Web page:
2 CHRONICLES 23
11 Then they brought out the king's son, and put upon him the crown, and gave him the testimony, and made him king. And Jehoiada and his sons anointed him, and said, Let the king live.
Crowning the king at the temple
The counter-revolution may have been planned for one of the great feast days, when a gathering at the temple, and an enlarged presence of Levites, might not have occasioned comment. At the least, Jehoiada timed the event to coincide with the sabbath, when the normal exchange of weekly courses took place.
Since all leave had been cancelled, 13 the number of Levites was suddenly doubled, for Jehoiada intended them to be in the vanguard of an uprising which would begin at the sanctuary. First and foremost, this was to be a spiritual revolution. Under the High Priest, therefore, the Levites were divided into three companies, the first to stand guard at the temple itself, the second to be stationed at the palace, and the third to be positioned at the gate of the foundation. 14
From the king's house, all the way to the house of God, the street was bounded by ranks of Levites who lined the way. 15 It was more than an honour guard, for Jehoiada had furnished these Levites with weapons from the temple treasury, since it would be their task to protect the young king. 16
With the Levites in place, the people were assembled in the court of Yahweh's house, where they also stood ready to prevent any unauthorised entrance into the temple precinct itself. 17 They did not yet know the full reason for their gathering, but an air of excitement hung over the multitude.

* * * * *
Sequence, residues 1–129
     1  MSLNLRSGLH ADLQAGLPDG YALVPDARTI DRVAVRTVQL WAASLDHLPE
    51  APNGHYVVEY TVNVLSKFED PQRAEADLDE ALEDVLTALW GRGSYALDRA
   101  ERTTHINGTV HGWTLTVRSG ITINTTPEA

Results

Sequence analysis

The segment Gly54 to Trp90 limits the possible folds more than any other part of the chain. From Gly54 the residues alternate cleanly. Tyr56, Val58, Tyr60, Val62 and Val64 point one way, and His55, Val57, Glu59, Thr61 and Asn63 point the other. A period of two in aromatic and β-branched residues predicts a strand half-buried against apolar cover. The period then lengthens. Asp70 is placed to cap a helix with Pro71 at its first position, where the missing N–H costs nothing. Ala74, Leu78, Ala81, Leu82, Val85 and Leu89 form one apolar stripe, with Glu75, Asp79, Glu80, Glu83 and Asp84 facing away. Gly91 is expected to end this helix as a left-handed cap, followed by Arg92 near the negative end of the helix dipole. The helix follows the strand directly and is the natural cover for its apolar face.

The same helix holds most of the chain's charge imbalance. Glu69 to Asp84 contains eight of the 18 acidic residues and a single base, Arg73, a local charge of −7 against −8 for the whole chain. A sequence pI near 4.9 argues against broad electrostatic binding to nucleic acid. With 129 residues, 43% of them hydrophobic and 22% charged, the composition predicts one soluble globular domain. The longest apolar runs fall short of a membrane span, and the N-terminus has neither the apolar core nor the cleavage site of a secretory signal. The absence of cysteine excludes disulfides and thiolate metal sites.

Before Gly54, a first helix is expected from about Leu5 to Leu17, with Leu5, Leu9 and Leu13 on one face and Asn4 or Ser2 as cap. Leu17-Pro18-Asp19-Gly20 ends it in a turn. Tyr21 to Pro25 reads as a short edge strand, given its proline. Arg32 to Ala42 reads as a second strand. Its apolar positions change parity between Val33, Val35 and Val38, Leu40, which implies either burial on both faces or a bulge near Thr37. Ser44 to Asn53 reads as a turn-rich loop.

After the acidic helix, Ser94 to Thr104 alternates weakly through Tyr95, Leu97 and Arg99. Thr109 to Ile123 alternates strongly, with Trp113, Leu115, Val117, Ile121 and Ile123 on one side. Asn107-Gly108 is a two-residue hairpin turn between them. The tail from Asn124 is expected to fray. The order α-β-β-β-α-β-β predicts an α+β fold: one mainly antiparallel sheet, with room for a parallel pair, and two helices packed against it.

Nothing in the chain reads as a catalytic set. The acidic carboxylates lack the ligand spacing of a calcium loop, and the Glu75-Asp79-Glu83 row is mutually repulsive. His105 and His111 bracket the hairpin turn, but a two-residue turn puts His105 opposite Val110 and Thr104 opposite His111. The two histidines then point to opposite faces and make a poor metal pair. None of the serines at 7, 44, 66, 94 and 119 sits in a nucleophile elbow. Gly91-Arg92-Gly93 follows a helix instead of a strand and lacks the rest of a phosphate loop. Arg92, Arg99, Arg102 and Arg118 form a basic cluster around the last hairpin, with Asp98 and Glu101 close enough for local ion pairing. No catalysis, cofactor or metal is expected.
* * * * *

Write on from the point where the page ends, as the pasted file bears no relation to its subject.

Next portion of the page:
They were not to be disappointed, for with the scene set, Jehoiada dramatically brought forth Joash, and presented him before the nation. Upon the head of the young king they put the crown, and into his hand they placed the scroll of the law, perhaps removing it from beside the ark of the Covenant for this occasion. The effect was dramatic indeed, and for good reason.
All the faithful in the nation must have been gripped with despair when hearing that Athaliah had extinguished the royal line, for a worse catastrophe could not have been imagined. But to find that a descendant of David had been saved, and stood before them now as king elect, was a discovery that amazed and enthralled everyone.
Not only was Joash crowned, but Jehoiada anointed him to office, something he had certainly not done when Athaliah had seized the throne. Through the providence of God working with this faithful couple, the royal line of David was not only saved from extinction but also restored to its rightful place. But the reinstatement of David's line was also a call to return to the spiritual standards of David's day.
Joash was but the symbol for this return to the past, a symbol which Jehoiada wisely used to help inspire the nation. And inspire them it did, for a great shout echoed out across the temple mount, as the assembly grasped the significance of this day, and the possibilities it brought.
13 2 Chronicles 23: 8.
14 2 Chronicles 23: 4,5.
15 The phrase "have her forth of the ranges" (2 Chronicles 23: 14) refers to these two rows of Levites who lined the street. Cp. Rotherham: "take her forth within the ranks."
16 A careful reading of the narrative suggests that it was only the Levites and guards who were armed (2 Chronicles 23: 7-9), and that these were therefore the "people" referred to as directly surrounding the king (verse 10).
17 2 Chronicles 23: 5,6.
Restoring true worship in the nation
16 And Jehoiada made a covenant between him, and between all the people, and between the king, that they should be Yahweh's people.